Triple Nine

Korea Cup & Sprint 2017 – The Review

The 2nd Korea Autumn Racing Carnival took place at Seoul Racecourse over the weekend. There’s no need to re-tell what happened here as pleasingly, the race has received plenty of international coverage, save to say that Yutaka Take guided Graceful Leap to victory in the Sprint while in the Cup, London Town downed last year’s winner Chrysolite to make it a Japanese one-two.

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London Town and Chrysolite dominated for Japan in the Korea Cup (Pic: Ross Holburt)

On the track, London Town was simply sensational. He came in having broken the 1700M track record at Sapporo less than a month ago and absolutely dominated the Cup, taking well over a second off the Seoul 1800M track record in the process. Last year’s winner Chrysolite had absolutely no answer. That said, the Japanese pair finished a full 17-lengths clear of Papa Shot in 3rd and demonstrated just how good JRA horses, even those not quite at the very top, really are.

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London Town in the Korea Cup Parade Ring (Pic: KRA)

Graceful Leap’s Sprint win was naturally less emphatic but it was still convincing. Korean Triple Crown winner Power Blade ran a huge race in 2nd place and while he was never likely to be as inconvenienced as some others by the wide draw, one can’t help but wonder whether he would have got much closer had he been able to begin from a more favourable gate. Doraonpogyeongseon ran on very nicely too proving himself a real racehorse. In the Cup for Korea, while Champ Line put in a good run, ultimately it was all about Triple Nine as it so often is. He and Power Blade have turned into such good ambassadors for Korean racing that how to replace them when their powers begin to wane is starting to be an issue. But of course, that’s part of what makes racing so fascinating.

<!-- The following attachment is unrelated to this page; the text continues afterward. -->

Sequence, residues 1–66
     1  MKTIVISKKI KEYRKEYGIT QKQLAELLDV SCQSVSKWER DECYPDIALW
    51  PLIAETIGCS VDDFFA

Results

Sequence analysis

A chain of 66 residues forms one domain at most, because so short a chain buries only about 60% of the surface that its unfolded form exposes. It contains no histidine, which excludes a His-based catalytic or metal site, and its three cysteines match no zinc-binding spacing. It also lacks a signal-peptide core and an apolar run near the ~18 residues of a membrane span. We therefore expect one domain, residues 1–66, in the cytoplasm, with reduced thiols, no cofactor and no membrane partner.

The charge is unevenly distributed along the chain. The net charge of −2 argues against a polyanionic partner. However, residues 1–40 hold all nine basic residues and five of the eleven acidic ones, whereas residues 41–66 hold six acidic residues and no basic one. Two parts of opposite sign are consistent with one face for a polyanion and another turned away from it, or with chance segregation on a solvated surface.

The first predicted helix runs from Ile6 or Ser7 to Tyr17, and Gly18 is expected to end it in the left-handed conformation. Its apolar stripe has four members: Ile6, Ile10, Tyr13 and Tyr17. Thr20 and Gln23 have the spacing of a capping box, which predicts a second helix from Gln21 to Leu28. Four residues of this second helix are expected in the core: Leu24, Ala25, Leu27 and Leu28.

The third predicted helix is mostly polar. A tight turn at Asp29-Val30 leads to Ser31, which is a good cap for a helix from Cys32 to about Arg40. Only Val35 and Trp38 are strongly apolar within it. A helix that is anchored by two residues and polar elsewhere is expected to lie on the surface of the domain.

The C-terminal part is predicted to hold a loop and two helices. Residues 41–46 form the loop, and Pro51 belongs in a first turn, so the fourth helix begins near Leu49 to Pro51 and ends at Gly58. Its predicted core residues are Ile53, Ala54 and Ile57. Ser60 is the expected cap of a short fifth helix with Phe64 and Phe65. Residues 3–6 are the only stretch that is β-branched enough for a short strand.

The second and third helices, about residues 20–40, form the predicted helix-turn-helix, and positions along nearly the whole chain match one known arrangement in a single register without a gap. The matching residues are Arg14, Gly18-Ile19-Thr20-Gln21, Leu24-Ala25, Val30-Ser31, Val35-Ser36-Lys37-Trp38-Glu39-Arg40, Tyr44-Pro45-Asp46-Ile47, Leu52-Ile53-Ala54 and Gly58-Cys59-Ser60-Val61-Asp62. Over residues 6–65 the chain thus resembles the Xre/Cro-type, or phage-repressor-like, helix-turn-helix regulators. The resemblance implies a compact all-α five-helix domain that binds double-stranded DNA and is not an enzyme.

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Graceful Leap and Yutaka Take cross the line in the Sprint (Pic: KRA)

The performances of the two American-trained horses was one of the Carnical’s highlights. In the Sprint, The Truth Or Else was drawn in gate 1 but jockey Dylan Davis was forced off the rail and went wide to find a run. He closed very strongly for 4th place and a tidy prize that fully vindicated the decision of his enterprising connections to bring him. Trainer Kenny McPeek was a boisterous presence throughout the week and led his charge in the parade ring himself prior to the race. Picking up an even tidier prize was Papa Shot, 3rd in the Cup despite having to recover from some interference four furlongs out.

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Take returns to scale (Pic: Ross Holburt)

McPeek estimated that The Truth Or Else would be ranked around 20th in terms of sprinters in the United States and one wonders what one ranked even higher could achieve especially as the nature of the Sprint makes it by no means a race that JRA horses will automatically dominate. As for Papa Shot, he’s a very solid horse but no superstar but looks the kind of horse you’d love to own. Bill Nader, representing the man who does own him, Barry K. Schwartz, made the point before the race that Papa Shot had run at all sorts of tracks in the US and almost always gave a good account of himself. Those tough and grinding types can find their reward on the Seoul sand and while at 1800M, it would take something special to beat a JRA horse or a Hong Kong galloper that gets on with the track, a really top American horse might just be able to do it.